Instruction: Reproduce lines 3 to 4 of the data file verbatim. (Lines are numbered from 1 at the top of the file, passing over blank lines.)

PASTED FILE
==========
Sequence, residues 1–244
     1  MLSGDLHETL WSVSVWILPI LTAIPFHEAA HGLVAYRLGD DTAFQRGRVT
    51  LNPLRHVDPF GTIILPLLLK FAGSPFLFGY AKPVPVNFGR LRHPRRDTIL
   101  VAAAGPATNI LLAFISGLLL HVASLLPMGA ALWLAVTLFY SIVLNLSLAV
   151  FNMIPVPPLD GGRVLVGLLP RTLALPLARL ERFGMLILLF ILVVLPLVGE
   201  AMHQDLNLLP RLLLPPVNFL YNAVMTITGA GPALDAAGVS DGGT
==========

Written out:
    51  LNPLRHVDPF GTIILPLLLK FAGSPFLFGY AKPVPVNFGR LRHPRRDTIL
   101  VAAAGPATNI LLAFISGLLL HVASLLPMGA ALWLAVTLFY SIVLNLSLAV